posted by needs more cowbell at 10:01 PM on February 6, 2013


Personally, I'd stay away from Linux. I tried Ubuntu but got bogged down in complications for "compiling drivers" and other things that didn't work. There are loads of help forums, and Linux people seem to be great but I just found it way too complicated installing it on an old machine.

I used this Optimize XP guide, which I found pretty helpful. Not sure if you need to turn off all the services they suggest though.

I'd use Microsoft's own AntiVirus - Microsoft Security Essentials as suggested above. Works fine for me

For a browser, I'd go for Opera and use it's turbo feature which pre-compresses images, it's also got flash blocks pre-installed, which will help an old PC run smoothly.

Finally, use foxit reader instead of adobe reader, which is a massive resource hog.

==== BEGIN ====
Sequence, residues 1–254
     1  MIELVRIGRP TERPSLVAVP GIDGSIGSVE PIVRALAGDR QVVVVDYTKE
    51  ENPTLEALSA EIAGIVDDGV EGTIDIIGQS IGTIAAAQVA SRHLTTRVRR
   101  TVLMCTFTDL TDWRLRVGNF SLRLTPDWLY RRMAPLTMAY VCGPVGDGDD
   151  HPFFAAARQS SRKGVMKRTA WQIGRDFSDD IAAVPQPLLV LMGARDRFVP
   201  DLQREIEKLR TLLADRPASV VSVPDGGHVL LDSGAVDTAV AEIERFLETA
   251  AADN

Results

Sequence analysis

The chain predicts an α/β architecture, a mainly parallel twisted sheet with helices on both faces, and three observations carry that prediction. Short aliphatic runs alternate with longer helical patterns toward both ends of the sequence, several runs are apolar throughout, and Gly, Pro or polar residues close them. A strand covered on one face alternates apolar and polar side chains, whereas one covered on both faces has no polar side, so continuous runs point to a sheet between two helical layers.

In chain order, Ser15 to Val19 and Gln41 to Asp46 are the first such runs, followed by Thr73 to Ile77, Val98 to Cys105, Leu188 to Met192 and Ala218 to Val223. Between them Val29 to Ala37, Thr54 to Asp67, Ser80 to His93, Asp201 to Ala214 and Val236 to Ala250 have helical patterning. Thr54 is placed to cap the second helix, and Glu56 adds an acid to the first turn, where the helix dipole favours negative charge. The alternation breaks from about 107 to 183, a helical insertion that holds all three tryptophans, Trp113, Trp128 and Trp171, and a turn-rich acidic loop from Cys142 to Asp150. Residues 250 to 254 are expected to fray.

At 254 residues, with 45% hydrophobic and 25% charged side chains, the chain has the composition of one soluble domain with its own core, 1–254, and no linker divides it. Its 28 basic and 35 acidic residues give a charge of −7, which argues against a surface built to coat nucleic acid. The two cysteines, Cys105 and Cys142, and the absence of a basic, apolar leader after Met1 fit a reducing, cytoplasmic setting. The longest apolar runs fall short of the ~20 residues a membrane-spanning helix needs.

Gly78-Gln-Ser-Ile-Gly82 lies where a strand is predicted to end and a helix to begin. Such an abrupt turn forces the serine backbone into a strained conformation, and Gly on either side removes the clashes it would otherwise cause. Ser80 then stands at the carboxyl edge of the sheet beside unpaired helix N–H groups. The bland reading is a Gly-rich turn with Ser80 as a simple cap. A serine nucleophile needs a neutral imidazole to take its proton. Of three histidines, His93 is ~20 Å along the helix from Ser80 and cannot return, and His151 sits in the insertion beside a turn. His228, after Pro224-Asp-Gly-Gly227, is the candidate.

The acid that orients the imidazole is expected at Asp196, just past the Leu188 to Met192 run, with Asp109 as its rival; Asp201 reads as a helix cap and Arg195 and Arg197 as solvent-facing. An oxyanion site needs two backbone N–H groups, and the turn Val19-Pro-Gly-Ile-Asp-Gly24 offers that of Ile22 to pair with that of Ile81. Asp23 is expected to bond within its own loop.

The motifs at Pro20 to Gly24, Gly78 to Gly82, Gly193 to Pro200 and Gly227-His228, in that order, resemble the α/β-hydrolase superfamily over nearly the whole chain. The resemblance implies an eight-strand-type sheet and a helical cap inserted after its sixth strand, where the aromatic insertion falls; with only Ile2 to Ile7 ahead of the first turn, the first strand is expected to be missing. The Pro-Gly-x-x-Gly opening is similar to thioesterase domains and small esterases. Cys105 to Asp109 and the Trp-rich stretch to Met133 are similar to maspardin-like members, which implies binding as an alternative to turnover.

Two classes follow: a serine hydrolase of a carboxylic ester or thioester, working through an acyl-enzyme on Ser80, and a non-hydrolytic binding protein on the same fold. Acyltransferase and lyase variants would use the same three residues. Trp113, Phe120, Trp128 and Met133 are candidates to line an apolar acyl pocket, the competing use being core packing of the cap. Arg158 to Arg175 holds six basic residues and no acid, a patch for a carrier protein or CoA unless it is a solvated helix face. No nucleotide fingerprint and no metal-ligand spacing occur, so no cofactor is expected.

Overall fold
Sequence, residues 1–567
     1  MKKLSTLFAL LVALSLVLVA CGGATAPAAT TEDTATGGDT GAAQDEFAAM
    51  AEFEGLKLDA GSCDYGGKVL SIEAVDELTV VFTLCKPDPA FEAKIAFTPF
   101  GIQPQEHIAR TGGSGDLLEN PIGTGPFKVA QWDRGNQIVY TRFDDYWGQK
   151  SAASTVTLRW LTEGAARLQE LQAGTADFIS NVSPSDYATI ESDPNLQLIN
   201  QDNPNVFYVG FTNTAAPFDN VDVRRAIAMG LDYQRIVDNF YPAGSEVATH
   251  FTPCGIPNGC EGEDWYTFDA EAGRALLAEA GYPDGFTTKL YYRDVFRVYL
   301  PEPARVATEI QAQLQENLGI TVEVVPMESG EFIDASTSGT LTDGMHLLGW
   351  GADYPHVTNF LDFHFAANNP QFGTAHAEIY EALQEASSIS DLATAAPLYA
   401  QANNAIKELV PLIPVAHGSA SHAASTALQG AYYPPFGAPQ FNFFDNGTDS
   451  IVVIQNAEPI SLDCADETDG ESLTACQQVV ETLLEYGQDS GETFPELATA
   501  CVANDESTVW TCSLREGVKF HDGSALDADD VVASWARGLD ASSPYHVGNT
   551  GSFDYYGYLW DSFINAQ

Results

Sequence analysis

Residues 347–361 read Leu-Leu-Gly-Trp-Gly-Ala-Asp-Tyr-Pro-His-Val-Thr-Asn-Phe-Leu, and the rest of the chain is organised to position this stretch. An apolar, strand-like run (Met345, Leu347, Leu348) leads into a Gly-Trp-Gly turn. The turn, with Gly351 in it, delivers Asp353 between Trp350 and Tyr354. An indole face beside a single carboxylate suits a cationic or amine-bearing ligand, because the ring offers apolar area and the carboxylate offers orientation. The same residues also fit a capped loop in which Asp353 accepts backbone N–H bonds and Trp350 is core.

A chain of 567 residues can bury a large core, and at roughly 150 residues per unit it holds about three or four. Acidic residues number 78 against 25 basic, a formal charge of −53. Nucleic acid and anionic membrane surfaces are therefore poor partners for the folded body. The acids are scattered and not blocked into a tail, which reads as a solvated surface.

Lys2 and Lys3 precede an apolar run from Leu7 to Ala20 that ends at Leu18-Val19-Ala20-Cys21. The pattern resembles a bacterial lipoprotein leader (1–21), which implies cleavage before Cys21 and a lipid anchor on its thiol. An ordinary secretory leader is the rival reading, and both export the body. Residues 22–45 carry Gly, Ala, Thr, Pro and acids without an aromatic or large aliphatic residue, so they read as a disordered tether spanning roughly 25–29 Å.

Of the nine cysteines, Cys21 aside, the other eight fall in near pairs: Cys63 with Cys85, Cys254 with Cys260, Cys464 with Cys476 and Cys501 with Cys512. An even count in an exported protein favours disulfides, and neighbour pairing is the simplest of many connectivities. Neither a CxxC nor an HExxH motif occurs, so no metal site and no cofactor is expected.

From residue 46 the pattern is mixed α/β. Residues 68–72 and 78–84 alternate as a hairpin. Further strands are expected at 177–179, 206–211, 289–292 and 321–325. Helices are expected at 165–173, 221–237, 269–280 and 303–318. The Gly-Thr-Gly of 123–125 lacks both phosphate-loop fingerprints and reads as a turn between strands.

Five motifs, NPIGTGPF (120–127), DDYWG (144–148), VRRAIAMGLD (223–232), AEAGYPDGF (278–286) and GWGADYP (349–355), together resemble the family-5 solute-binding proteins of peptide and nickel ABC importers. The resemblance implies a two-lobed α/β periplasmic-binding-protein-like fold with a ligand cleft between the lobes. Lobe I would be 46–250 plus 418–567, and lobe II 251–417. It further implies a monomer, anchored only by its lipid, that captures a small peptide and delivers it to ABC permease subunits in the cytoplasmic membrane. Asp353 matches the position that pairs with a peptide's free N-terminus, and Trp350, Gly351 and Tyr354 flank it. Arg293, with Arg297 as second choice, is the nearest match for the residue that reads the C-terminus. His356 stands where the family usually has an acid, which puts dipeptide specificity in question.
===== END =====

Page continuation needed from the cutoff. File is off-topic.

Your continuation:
posted by guy72277 at 1:17 AM on February 7, 2013 [1 favorite]


I also had an old laptop which ran Win XP and it began to run slowly. Since I use it so rarely, I wiped it and installed Linux. I run Firefox on it and have only had to upgrade the Flash plugin once. I'm fairly happy with it now and do all the things you mention wanting to do, save Hulu/Netflix, but will still be looking to replace it with something like a Chromebook or other netbook once I get more money because the mechanical parts of the laptop are just wearing out.

Sometimes, you can't save the patient, no matter what you do.
posted by TrishaLynn at 2:14 AM on February 7, 2013 [1 favorite]